“When you know more about what’s wrong, you can help make it right,” once claimed a television advertisement for Zoloft — a prescription medication used to treat depression.

According to a University of Toronto-affiliated review paper that studied New Zealand advertisements that was published in June 2019, advertisements for prescription drugs like this one, that target consumers directly, are frequently misinterpreted by consumers as “trusted public health messages.”

The United States and New Zealand are the only two countries where direct-to-consumer advertising (DTCA) is completely legal. In Canada, the legality of prescription drug advertisement is more complicated. While DTCA is prohibited, alternative methods of prescription drug advertisement are legal.

Background information on DTCA

To clarify Canada’s stance, The Varsity spoke to Dr. Joel Lexchin, co-author of the study and an associate professor at U of T’s Institute of Health Policy, Management and Evaluation. Dr. David Menkes, an associate professor at the University of Auckland, was the second co-author.

Health Canada — Canada’s national department of public health — allows firms to broadcast two types of advertisements for prescription drugs. One type, ‘reminder advertisements,’ can mention the name, price, and quantity of the advertised drug, but not its therapeutic application.

Lexchin gave the example of a Viagra advertisement that depicts a very active man dancing his way to work with a background chorus singing, “It’s great to stay up late.” As he puts it: “It doesn’t tell you what the [use of] Viagra is, but it gives you an idea.”

The second type of legal DTCA are help-seeking ads, which don’t mention the name of the drug, but discuss the disease. Lexchin explained, “You can’t say, ‘Take Penicillin if you have strep throat,’ but you can say, ‘Here is a new treatment available for strep throat. See your doctor.’”

Does DTCA have a negative impact on consumers in Canada?

In a study published in 2003, Lexchin collaborated with Dr. Barbara Mintzes, an assistant professor at the University of British Columbia, and other researchers to examine how DTCA affects the decisions that physicians in Vancouver, British Columbia and Sacramento, California make when prescribing drugs.

They found that physicians prescribed the advertised drug to 72 per cent of patients who requested the drug in Vancouver, as compared to 78 per cent in Sacramento. Furthermore, that patients in both cities who requested DTCA drugs were much more likely to receive a higher number of prescriptions than patients who did not request them. However, it is important to note that of the patients exposed to DTCA in Vancouver, only 3.3 per cent requested the drug. The effects were higher in Sacramento, at 7.2 per cent.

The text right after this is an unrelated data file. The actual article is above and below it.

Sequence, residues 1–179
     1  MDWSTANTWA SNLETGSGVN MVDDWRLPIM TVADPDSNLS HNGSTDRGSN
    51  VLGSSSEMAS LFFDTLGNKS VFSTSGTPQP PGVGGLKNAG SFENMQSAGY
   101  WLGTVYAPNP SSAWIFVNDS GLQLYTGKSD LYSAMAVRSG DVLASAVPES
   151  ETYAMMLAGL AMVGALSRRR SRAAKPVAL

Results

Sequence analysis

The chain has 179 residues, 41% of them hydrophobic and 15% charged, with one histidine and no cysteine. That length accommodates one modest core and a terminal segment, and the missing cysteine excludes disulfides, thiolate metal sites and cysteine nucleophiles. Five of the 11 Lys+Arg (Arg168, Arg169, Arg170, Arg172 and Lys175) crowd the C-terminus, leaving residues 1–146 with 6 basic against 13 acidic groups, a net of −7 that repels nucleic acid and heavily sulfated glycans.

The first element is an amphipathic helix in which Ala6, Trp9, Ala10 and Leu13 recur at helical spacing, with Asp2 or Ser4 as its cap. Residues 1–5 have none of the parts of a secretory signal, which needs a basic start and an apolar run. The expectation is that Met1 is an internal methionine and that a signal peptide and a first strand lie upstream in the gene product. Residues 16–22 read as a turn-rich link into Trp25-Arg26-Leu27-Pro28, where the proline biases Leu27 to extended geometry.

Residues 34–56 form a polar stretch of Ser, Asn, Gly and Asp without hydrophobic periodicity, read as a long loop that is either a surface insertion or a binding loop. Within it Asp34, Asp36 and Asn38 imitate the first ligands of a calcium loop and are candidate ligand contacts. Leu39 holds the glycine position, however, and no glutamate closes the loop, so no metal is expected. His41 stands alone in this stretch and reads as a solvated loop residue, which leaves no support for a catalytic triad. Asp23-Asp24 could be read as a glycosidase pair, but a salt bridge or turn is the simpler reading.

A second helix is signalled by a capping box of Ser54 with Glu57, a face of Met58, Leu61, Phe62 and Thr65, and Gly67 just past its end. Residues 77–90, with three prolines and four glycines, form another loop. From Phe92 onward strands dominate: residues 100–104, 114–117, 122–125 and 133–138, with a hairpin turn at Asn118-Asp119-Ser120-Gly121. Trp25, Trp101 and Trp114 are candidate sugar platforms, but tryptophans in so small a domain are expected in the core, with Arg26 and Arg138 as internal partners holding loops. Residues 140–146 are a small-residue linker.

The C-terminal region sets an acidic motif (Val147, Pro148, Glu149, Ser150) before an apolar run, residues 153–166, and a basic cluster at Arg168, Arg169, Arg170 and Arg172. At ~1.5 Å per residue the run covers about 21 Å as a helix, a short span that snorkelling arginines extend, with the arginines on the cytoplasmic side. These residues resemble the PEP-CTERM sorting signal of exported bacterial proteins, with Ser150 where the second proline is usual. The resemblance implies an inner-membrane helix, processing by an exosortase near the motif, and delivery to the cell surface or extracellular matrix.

Different models of regulation

Canada’s government prohibits DTCA through regulation, but there is some body of research to suggest its ineffectiveness. In a separate 2014 review of the DTCA cases that Health Canada has regulated, Lexchin and Mintzes concluded that Health Canada’s response “is notable both for its lack of teeth and lack of accountability and transparency.”

There is another regulatory body independent from Health Canada called the Pharmaceutical Advertising Advisory Board (PAAB), which provides “preclearance service recognized by Health Canada for advertising directed to healthcare professionals and consumers.”

However, Lexchin notes that “it is not mandatory [for PAAB to] review any ads directed to consumers and they have no power to order any changes to the ad,” leaving its effectiveness in regulating DTCA questionable.

In an email to The Varsity, Patrick Massad, the PAAB commissioner, responded to this statement, writing that, “Preclearance provides confidence that an advertisement adheres to the pertinent regulations before dissemination.”

“Given that preclearance is largely voluntary, it is supplemented by a complaints resolution system and multi-agency proactive monitoring activities to identify advertising in the marketplace that contravenes the regulations,” he continued.

“In my experience, it is rare that an advertiser elects to ignore the preclearance agency ruling. However, in those instances, the matter is forwarded to Health Canada for enforcement. Ultimately, compliance with Federal regulations is not voluntary,” Massad wrote.

“It should be noted that DTCA disseminated over broadcast media is required to undergo preclearance by a recognized preclearance agency. Preclearance is now also required for healthcare professional advertising of opioid products. The PAAB would welcome further broadening of mandatory preclearance.”

DTCA is already prohibited in Canada — at least on paper. However, more legislative work may be required to increase the effectiveness of regulation.

The Varsity has reached out to Health Canada for comment.